It is against this background that Volansky calls for a rethink of the current university/college system, and the consideration of adding a third layer to offer the equivalent of the associate degree in the United States or the foundation degree in the United Kingdom. Such a degree is less than a full-fledged academic degree such as the bachelor’s degree, but ranks higher than a high-school diploma and can be obtained with two years or less of enrollment.
“There has been a change in the public perception of higher education that should not be ignored,” says Volansky, who holds a PhD in education from the University of Oxford. “This is akin to a fired arrow that cannot be returned.”
Volansky advocates introducing a three-tiered system of universities, colleges and community colleges along the lines of the highly successful California higher education system.
“This would be a way to support the research university without limiting accessibility to higher education frameworks,” explains Volanksy.
“People who have obtained an associate degree could then choose to build on the credits they had accumulated in two-year colleges to transfer to BA-granting institutions for a full academic degree, or to seek jobs using their associate degree.”
But will there be a demand for a degree below the bachelor’s degree in the employment market? Volansky responds with an emphatic yes. He points out that many in the Arab and haredi sectors of the Israeli population, which comprise the majority of those mired in poverty, are increasingly looking for ways to obtain skilled employment.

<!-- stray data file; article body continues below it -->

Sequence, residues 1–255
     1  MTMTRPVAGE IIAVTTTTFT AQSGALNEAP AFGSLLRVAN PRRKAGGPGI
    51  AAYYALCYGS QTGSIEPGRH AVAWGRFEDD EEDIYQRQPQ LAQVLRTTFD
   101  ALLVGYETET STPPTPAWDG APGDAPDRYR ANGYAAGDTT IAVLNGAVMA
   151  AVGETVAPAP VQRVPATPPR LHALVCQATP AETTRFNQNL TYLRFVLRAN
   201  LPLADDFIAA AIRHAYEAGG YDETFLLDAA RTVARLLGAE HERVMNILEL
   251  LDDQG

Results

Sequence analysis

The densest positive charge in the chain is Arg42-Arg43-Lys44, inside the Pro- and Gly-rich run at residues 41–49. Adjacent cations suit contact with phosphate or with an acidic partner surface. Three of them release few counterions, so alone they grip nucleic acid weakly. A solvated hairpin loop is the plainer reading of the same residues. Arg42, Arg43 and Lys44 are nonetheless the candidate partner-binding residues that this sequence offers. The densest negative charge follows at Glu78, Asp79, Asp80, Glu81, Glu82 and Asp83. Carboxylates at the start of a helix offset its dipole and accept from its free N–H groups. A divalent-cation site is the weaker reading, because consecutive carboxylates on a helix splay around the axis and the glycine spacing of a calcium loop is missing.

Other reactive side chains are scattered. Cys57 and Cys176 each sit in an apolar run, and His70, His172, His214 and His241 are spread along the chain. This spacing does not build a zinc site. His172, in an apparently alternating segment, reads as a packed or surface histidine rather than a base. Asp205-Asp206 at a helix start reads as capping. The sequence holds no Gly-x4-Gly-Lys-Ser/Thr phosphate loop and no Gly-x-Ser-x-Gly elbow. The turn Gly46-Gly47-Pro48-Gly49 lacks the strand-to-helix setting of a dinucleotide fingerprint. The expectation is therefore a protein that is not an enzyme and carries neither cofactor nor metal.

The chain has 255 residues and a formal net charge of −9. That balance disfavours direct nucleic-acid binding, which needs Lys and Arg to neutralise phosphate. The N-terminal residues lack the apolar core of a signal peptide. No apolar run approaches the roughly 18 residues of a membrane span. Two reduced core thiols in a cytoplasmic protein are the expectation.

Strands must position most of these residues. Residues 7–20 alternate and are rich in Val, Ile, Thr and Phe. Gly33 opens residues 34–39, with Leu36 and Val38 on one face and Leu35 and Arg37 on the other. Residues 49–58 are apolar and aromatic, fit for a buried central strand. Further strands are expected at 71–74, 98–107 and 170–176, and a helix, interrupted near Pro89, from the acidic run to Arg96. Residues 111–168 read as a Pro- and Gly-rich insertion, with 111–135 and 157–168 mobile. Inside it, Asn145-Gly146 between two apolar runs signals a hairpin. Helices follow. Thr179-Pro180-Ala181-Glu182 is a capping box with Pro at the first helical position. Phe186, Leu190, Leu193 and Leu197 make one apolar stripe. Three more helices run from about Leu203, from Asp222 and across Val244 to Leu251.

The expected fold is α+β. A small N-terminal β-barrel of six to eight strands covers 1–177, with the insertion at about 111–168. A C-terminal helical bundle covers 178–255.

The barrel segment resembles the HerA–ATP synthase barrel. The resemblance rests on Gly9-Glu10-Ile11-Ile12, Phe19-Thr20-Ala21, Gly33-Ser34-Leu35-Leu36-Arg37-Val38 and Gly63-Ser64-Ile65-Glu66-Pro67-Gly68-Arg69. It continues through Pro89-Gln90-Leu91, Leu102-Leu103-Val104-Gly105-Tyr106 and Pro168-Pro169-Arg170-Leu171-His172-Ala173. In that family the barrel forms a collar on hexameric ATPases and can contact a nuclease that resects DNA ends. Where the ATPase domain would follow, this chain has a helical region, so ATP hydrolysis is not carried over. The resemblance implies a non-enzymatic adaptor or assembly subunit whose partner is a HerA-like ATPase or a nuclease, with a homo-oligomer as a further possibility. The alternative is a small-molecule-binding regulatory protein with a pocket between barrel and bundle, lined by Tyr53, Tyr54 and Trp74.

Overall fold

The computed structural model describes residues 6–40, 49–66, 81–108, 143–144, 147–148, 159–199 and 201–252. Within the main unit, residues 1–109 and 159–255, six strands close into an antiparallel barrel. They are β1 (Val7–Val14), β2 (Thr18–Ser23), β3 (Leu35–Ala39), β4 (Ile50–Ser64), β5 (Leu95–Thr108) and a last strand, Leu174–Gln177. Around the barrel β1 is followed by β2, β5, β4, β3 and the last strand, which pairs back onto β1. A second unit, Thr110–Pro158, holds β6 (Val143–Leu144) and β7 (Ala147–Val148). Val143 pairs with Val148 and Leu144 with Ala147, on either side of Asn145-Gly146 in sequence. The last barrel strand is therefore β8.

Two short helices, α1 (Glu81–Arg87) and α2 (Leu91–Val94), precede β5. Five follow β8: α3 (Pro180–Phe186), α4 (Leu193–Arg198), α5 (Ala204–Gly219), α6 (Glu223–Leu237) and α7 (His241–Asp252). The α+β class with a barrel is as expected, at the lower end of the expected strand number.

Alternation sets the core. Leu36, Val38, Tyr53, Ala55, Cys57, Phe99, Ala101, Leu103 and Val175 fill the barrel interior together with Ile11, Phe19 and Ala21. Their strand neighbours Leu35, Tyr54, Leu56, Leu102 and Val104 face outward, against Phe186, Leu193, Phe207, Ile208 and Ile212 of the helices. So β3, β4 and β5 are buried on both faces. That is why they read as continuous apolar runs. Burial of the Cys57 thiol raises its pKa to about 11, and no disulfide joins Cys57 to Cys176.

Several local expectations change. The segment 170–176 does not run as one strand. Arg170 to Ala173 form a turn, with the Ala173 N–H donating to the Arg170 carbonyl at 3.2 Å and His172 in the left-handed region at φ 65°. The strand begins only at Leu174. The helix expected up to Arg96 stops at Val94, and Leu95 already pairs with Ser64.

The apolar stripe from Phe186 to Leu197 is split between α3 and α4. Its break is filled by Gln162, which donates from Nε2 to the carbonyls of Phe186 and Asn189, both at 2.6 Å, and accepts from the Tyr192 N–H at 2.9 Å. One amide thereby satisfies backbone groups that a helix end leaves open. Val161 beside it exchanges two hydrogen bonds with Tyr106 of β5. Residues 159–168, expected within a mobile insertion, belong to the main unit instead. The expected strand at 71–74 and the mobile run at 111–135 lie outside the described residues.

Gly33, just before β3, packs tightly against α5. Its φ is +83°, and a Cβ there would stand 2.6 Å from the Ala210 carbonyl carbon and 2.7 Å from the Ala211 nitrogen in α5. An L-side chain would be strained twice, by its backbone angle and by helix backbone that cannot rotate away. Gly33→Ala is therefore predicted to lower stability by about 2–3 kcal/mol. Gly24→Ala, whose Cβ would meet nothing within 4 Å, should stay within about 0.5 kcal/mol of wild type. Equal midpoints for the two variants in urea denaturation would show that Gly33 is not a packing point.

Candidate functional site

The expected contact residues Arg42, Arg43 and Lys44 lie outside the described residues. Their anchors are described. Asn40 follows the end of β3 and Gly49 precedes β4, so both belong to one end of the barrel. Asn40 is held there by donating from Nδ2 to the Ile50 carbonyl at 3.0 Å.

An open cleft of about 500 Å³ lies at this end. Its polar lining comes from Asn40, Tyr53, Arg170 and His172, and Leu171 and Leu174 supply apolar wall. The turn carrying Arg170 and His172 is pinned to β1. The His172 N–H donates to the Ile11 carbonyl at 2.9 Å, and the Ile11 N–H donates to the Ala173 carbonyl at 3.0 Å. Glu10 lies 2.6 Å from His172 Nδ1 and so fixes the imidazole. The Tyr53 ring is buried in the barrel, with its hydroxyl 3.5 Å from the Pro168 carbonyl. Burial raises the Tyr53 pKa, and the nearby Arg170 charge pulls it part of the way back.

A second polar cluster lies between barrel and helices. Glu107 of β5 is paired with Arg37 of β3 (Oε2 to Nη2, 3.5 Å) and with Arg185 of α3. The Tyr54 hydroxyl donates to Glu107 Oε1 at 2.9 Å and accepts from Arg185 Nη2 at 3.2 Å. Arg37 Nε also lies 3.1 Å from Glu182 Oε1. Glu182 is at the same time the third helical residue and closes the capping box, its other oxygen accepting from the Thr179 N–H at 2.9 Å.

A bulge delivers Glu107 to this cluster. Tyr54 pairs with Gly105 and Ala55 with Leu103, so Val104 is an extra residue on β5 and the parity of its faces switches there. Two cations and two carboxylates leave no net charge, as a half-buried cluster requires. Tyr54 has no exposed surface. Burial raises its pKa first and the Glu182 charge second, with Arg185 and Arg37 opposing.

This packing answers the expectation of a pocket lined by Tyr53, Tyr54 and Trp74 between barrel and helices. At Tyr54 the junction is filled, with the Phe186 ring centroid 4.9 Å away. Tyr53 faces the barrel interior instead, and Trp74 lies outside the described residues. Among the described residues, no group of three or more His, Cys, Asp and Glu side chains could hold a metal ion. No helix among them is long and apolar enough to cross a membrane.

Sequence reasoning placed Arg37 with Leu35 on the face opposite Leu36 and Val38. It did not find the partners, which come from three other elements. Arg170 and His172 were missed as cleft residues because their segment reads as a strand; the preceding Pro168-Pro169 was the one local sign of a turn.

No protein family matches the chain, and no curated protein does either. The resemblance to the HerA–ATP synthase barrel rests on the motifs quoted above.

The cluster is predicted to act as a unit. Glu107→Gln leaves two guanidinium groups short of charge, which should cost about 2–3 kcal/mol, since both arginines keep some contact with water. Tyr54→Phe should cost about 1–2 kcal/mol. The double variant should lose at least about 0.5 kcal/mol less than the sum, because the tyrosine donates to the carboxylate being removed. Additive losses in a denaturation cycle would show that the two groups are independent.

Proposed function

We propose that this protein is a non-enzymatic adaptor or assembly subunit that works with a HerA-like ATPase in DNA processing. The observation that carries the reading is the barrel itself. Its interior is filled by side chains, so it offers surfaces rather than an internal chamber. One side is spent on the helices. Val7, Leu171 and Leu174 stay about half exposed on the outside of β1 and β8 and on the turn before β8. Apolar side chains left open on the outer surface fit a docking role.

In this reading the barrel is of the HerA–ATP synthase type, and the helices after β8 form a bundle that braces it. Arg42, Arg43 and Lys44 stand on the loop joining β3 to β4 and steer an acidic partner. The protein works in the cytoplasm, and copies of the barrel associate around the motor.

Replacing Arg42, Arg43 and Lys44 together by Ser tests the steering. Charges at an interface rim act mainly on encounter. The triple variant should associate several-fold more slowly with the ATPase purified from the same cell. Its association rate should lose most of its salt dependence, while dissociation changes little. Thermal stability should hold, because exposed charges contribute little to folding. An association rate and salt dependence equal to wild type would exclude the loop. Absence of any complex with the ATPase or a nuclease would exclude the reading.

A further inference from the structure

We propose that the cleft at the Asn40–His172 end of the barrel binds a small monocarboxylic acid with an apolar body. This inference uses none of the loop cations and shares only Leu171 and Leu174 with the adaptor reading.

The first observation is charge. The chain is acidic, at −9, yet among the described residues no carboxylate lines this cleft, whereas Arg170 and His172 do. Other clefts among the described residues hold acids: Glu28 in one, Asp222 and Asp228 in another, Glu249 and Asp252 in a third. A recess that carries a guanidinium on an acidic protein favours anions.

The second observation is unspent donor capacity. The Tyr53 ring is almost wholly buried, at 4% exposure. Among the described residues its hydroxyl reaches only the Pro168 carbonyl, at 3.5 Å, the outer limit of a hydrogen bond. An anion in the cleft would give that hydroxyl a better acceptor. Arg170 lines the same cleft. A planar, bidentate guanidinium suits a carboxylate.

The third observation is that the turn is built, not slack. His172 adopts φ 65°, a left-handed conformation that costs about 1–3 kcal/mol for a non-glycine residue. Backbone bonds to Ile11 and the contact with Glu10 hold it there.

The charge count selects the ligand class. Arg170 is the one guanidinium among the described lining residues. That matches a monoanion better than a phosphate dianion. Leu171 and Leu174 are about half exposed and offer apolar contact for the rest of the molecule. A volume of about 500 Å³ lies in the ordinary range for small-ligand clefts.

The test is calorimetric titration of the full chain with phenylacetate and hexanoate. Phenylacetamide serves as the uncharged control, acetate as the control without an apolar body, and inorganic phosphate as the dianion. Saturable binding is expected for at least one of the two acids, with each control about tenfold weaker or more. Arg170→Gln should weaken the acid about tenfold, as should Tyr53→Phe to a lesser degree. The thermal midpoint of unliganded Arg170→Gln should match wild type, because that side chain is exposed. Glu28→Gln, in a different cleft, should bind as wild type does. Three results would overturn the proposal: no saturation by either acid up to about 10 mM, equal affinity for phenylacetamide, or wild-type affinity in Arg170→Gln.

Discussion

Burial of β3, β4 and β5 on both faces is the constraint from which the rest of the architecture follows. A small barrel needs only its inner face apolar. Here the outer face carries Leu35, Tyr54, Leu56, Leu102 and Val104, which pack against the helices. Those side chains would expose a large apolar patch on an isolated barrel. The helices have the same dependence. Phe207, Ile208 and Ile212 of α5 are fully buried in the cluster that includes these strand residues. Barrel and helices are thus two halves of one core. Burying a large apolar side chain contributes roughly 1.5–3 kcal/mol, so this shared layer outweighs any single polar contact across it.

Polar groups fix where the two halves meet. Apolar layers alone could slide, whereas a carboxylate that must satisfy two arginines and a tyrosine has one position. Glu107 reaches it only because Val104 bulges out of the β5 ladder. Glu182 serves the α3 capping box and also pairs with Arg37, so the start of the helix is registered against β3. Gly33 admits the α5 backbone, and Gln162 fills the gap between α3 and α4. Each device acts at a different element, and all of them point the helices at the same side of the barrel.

“Surveys in both the United States and the United Kingdom show that there are many employers who are seeking workers with associate degrees, and projections indicate increased demand for such employees in coming years,” says Volansky. “This is true in many industries, including information and data-heavy industries.
There are plenty of systems operations jobs that do not require a full engineering degree, but do require the amount of post-secondary education that one gets in studying for an associate degree.”
In fact, he says, a recent OECD report recommended introducing precisely a level of higher education equivalent to an associate degree to the Arab sector in the Galilee, to boost employment.
“The associate degree has proven its worth in many places,” concludes Volansky. “In Israel the lack of an associate degree has left a vacuum.”